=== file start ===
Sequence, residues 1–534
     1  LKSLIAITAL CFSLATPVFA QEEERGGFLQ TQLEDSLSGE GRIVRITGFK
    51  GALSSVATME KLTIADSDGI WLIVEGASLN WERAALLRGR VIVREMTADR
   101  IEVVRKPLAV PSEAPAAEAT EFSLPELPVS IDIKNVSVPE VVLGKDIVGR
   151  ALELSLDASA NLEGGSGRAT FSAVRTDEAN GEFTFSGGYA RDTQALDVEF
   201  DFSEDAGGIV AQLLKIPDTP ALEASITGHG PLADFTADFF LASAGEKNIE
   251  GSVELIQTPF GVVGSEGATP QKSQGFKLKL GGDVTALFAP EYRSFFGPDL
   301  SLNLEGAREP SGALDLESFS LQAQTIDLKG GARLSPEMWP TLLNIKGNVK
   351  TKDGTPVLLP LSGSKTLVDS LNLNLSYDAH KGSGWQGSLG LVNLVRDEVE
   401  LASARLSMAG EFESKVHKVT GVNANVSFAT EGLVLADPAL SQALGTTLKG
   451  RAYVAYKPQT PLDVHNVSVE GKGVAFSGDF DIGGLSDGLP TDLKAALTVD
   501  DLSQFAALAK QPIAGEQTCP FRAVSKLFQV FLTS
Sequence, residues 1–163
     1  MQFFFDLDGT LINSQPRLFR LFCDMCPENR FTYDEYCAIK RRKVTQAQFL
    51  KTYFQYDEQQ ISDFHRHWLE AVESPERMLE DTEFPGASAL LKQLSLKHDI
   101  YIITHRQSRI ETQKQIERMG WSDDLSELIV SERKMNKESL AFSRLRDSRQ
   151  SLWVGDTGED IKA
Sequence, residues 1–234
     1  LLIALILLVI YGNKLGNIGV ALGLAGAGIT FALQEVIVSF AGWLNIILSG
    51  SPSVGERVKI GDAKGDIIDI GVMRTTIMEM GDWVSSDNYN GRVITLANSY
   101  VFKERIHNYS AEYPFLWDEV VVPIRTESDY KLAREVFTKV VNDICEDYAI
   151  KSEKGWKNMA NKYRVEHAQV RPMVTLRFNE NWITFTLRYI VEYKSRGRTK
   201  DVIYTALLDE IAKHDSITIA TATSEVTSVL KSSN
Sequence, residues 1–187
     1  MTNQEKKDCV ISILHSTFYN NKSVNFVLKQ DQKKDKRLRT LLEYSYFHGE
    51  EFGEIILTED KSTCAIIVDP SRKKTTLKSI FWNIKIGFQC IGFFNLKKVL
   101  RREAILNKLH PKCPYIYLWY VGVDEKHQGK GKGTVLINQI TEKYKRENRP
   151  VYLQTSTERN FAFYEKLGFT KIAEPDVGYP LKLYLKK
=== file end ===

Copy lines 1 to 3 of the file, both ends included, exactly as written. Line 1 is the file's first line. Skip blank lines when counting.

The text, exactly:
Sequence, residues 1–534
     1  LKSLIAITAL CFSLATPVFA QEEERGGFLQ TQLEDSLSGE GRIVRITGFK
    51  GALSSVATME KLTIADSDGI WLIVEGASLN WERAALLRGR VIVREMTADR